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Showing posts from November, 2013

28th November 2013

I can't believe that it is woollen hat wearing weather, at the end of November.

Leon and I went out for dinner last night to celebrate our 4th wedding anniversary. I got to wear my new Romi Hill hat. I have mixed feelings about that. My feelings about my husband are quite clear.

Interim photos

So, last Monday (that's ten days ago) I finished the knitting on Spice Road. I washed it and it just needed sewing up. It took me until the weekend to have a chance to sit down and sew it and then I discovered I had done the shoulder shaping backwards. Although reviewing the pattern I still feel like I followed the instructions. Maybe the pattern is wrong. Maybe its me, whatever. Then I had to get photos. We took these yesterday and I can't say I love them. In the ones that show the jumper well I look really miserable, and the ones that show my face well, the cardigan looks a bit weird. 

Anyway, I really like the way it turned out. It fits, and its very comfortable to wear. I love that this cardigan looks great both open and closed.  Despite my accidental deviation form the pattern, and the drama I had with the shoulders this was a very satisfying, satisfactory knit.
I am going to try to get some more flattering photos though.

Romi Hill does it again

A week or so ago, Romi Hill announced that she was launching another ebook subscription, The Great Oddments Knitdown. Since I am both trying to reduce my stash, and I'm in love with pretty much everything Romi designs, I was in. The first pattern was released in Saturday, and I had absolutely nothing on the needles. (I actually haven't seamed Spice Road, but that's because I've discovered I've stuffed up the shoulders, and a small amount of reknitting is required.) Saturday was not my happiest day. I ruined a suit by cutting one trouser leg too short when hemming - such a rookie error. Roadworks were happening on the street directly outside my house, and I dropped a dozen eggs - some of them survived, but it was pretty symptomatic of my day. So, when the pattern was released, I cast on immediately. The first pattern is a beanie, with a giant pompom. this makes me very happy, because I currently do not have a single hat with a pompom. On Saturday I got through the f…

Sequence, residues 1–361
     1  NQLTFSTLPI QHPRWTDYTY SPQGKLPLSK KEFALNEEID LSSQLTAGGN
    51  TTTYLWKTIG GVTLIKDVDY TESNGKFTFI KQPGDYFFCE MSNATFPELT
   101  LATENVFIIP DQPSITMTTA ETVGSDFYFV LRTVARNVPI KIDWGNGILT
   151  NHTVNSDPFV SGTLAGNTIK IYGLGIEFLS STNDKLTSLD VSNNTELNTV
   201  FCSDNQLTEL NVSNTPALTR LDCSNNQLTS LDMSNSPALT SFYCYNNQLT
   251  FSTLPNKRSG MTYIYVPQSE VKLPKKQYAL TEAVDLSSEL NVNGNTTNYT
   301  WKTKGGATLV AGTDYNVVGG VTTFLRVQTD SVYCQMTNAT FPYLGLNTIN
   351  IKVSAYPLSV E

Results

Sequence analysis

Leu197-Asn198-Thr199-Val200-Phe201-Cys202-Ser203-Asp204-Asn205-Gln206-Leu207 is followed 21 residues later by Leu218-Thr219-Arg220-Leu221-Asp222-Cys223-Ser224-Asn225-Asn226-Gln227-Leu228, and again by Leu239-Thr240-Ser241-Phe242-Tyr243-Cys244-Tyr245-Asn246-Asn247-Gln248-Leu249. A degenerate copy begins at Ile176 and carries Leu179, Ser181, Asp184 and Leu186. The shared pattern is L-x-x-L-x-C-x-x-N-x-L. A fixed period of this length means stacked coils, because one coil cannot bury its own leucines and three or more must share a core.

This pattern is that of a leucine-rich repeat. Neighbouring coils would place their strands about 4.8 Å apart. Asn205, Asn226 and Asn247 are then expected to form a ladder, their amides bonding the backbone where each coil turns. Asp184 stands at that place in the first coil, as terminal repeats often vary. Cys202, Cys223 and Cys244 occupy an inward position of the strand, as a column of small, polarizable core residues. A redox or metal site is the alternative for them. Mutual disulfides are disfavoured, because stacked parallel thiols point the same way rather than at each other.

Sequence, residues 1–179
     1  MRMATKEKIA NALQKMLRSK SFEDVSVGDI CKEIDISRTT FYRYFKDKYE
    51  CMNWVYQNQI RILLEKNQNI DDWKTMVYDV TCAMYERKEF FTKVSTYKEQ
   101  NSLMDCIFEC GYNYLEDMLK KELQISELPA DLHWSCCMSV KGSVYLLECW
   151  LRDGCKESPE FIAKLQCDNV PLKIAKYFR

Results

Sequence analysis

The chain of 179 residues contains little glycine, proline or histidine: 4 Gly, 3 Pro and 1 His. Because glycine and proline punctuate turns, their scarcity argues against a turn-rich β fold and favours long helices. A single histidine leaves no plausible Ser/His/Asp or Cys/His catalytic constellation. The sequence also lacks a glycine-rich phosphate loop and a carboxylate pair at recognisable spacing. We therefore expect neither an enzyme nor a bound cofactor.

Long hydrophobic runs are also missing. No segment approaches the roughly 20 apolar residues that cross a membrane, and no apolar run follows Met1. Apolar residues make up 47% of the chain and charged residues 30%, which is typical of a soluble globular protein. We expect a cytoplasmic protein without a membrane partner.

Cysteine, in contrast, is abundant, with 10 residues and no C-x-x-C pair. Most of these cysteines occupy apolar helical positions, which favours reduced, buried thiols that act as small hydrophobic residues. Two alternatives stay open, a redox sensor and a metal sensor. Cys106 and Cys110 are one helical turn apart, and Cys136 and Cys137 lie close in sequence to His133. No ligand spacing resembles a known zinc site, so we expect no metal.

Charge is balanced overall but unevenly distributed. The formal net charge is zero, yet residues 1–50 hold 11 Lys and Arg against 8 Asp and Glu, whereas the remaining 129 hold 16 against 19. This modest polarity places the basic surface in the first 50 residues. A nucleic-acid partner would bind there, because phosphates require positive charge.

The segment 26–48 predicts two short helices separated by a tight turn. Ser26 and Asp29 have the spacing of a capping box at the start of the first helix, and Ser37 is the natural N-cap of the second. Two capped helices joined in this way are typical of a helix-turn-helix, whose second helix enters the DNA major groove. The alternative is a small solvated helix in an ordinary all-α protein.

Sweater Surgery 1

Last year I made Leon Stra Boy, from Contemporary Irish Knits. While I really like it, it was too long from the very beginning  and it hasn't become magically shorter over time. Leon mainly wears it around the house, because it looks a bit like a dress. So I decided to shorten it. Since it is knit top down, I knew I was going to have to cut it, but for some reason I thought I could just hack off the bottom and magically the stitches I needed would be free, I'd put them on the needle and then I could knit on down. I tried that, and it didn’t work. I couldn't find the stitches. It all just sort of sat there...  Luckily, because this is 100 percent Blue Faced Leicester, the stitches were going nowhere. I discovered that I needed to snip just one thread and then unravel it. It was rather time consuming, sort of like kitchenering in reverse, but I eventually I had all the stitches on the needle, and I reknitted the seed stitch border.Now it fits him like a jumper should…